Dementia remains one of the most fearsome complications of HIV infection. It also poses a significant challenge for the clinician both in terms of diagnosis and treatment. The use of antiretroviral agents has led to a decrease in the incidence of HIV dementia but the prevalence of milder forms of neurocognitive impairment has increased. Occasionally, the immune reconstitution caused by these agents may target the brain leading to a syndrome characterized by a severe, progressive and often fatal dementia. The progression of HIV dementia may also be determined by host and viral genetic factors, and the existence of co-morbid factors such as drug abuse, hepatitis C infection and aging. Oxidative stress markers appear to be predictive of active dementia. However, currently there is no specific treatment available for HIV dementia.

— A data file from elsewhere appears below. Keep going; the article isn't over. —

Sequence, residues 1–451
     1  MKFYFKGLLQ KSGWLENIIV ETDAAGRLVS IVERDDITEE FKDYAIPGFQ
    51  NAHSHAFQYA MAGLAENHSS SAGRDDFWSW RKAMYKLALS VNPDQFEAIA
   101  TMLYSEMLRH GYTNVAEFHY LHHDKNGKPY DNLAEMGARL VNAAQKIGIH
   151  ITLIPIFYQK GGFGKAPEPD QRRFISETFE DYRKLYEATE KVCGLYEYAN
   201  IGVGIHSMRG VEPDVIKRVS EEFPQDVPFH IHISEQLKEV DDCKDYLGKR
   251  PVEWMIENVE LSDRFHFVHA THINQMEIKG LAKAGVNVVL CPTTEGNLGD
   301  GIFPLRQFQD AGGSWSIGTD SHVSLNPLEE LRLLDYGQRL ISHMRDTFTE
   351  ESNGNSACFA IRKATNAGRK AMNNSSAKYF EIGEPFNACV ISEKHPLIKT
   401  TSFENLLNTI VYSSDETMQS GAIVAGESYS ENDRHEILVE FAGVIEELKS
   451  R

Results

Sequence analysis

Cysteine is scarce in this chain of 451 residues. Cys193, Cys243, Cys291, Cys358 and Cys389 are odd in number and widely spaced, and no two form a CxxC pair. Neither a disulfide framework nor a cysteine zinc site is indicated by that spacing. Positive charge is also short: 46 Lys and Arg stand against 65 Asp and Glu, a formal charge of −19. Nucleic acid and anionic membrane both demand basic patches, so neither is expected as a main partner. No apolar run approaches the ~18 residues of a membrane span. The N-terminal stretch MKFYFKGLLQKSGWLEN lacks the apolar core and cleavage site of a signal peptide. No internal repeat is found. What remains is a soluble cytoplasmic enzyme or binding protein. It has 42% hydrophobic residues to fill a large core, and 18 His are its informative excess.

ASJC Scopus subject areas
- Psychiatry and Mental health